- El vídeo “Con Calma” de Daddy Yankee supera los 2.000 millones visitas YouTube
- Antonio Banderas anuncia que está en cuarentena al dar positivo por COVID-19
- EE.UU. supera los 5 millones de casos de COVID-19, inmerso en un debate económico
- La película ecuatoriana “Huahua”, una profunda reflexión sobre la identidad
- Ejecuciones extrajudiciales, el otro virus de Venezuela
- Santos: La FARC juega con fuego al no reconocer el reclutamiento forzado y el abuso
- Un exministro saudí acusa al príncipe heredero de intentar asesinarlo en Canadá
It is Andrea Horwath’s Election to Lose
Her message – that the Liberals can’t be trusted – could position her party as the only genuine progressive force in Ontario
The chattering class in Ontario – mass media, political scientists and traditional opinion leaders – was quick to question Andrea Horwath’s rejection of Ontario’s now stillborn $12.5-billion deficit budget.
In a news conference last week at which she and her caucus repudiated Kathy Wynne’s Liberal government, reporters took the storyline that Horwath was spurning a dream left-wing budget.
One journalist even invoked the memory of Tommy Douglas, implying that Horwath was disloyal to an NDP icon. “You and many members of your caucus will not be here after the election” threatened an alpha-male in the media pack.
However, something else entirely was taking place.
While Horwath, the waitress from Hamilton, was taking the familiar Tommy Douglas-like populist stand of the ordinary citizen defying established power by placing her future in the hands of the voters, she also made the June election hers to lose.
By bringing down the government, Horwath wasn’t rejecting the social responsibility ideas that Finance Minister Chuck Sousa espoused in his budget. She was actually rejecting the budgeters rather than the ideas presented in the budget.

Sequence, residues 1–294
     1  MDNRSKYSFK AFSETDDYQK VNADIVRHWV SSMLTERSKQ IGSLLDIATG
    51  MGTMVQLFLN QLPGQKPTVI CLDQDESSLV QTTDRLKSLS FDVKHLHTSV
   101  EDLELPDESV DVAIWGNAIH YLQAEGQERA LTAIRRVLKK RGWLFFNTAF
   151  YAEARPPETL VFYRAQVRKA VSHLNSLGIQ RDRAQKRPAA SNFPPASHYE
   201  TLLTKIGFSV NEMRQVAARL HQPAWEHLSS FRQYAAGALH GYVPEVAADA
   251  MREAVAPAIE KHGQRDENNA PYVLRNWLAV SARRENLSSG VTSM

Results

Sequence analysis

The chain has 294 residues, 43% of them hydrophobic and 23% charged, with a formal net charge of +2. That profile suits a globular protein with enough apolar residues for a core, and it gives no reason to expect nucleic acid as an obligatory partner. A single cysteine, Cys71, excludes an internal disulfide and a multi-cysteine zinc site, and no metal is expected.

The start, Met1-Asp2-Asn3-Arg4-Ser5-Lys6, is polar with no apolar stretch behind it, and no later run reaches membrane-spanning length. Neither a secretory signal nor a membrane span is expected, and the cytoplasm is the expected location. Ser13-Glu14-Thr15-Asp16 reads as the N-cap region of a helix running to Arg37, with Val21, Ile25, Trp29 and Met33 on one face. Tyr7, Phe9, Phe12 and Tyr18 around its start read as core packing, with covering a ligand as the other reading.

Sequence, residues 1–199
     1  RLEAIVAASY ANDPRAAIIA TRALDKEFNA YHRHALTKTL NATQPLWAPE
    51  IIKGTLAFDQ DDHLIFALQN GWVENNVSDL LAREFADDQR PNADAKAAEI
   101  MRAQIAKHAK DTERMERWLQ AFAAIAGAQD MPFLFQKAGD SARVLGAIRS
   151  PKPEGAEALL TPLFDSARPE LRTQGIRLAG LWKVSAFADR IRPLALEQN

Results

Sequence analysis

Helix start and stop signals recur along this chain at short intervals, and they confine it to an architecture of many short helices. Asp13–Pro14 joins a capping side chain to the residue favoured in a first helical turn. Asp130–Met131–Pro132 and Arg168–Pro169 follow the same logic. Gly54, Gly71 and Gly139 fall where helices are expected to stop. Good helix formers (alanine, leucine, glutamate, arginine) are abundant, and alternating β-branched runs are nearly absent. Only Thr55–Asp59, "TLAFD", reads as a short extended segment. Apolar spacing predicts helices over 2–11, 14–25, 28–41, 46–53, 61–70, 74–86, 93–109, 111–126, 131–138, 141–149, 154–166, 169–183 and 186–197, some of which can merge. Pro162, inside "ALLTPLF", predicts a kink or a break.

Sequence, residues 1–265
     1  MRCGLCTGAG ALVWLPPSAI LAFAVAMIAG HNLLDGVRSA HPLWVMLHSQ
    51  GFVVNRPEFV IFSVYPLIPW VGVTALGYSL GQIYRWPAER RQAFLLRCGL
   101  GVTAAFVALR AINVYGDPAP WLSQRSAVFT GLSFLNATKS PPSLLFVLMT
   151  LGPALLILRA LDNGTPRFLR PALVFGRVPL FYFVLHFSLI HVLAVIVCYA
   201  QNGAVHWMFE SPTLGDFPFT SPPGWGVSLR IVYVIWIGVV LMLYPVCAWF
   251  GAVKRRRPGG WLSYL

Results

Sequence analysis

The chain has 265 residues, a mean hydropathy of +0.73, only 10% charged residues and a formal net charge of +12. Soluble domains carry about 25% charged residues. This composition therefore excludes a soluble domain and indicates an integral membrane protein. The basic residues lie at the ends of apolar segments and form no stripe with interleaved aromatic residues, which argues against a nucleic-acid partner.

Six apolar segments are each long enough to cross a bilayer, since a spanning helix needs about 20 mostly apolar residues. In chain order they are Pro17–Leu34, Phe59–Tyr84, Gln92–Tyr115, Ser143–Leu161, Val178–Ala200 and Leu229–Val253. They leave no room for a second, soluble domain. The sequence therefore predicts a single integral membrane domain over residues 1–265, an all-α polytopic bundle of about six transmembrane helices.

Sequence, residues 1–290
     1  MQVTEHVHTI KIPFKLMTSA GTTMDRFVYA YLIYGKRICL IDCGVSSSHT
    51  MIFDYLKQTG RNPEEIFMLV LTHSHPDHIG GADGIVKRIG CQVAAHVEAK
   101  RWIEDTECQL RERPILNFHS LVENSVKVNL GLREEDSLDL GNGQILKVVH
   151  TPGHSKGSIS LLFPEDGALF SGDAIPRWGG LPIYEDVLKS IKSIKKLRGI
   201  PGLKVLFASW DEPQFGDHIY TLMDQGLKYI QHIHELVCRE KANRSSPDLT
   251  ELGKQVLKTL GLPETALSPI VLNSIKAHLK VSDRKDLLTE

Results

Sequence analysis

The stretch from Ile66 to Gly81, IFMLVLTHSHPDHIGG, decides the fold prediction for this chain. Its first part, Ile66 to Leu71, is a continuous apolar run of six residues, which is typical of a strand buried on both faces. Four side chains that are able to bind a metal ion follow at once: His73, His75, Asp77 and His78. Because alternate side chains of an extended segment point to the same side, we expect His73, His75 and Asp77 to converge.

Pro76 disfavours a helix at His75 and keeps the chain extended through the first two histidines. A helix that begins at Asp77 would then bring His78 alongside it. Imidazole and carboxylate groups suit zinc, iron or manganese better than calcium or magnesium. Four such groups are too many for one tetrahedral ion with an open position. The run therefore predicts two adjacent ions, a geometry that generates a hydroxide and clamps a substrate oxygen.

Sousa and Wynne, she said, were throwing “everything and the kitchen sink” into the budget. But, she added, coming from the same people who decided in a couple of days to cancel two gas-fired power plants to retain two seats in the last election and failed to deliver on social commitments in the 2013 budget such as shorter wait times for seniors home care, their promises were empty.
Like Douglas, who never ran a deficit while Premier of Saskatchewan because he knew that his province’s practical farmers would never stand for debt financing, Horwath does not want additional borrowing or new taxes, except for a modest increase in corporate tax rates.
Horwarth maintained that the NDP’s loss of confidence in the Liberal government reached a tipping point not because of any one scandal but because of a pattern of corruption followed by a cover-up. She said she was also rejecting the taint of a culture of entitlement which permeated the government, such as the CEO of Hydro One raising rates while getting a bonus larger than many Ontarians make in a year.
“It is time,” she said at her press conference, ‘for Premier Wynne to take responsibility.”
Her loss of confidence in the Liberal government and her party’s decision to vote against the budget is reminiscent of the populism of the progressive farmer’s movement in Ontario in the 1920s. “I am quite willing,” she said as her press conference ended, “to put this in the hands of the people, and I will support their decision.”
Wynne and Official Opposition leader Tim Hudak were caught by surprise by Horwath’s decision to pull the plug. They have been clawing each other’s eyes out all winter under the assumption that the timing of the election was up to them.
If Horwath communicates her message – that the Liberals make empty promises and can’t be trusted – effectively, she may be able to neutralize the Liberal’s attempt, with this budget, to draw off support from the NDP so it could form a majority government. She could also end up positioning her party as the genuine progressive force in Ontario, and a definite alternative to either the Liberals or Conservatives.
While the smart money is on yet another Liberal minority government, Horwath may have upset the dismal balance, and may run up the middle to form her own minority, or better, government. -TroyMedia
Frank Dabbs is a veteran business and political journalist, author of three biographies and a contributor, researcher or editor of half a dozen books. Frank worked in print, radio and television in Alberta for 40 years. Since 2006, he has been a print and television freelancer in Ontario. He lives in the rural village of Annan overlooking Georgian Bay.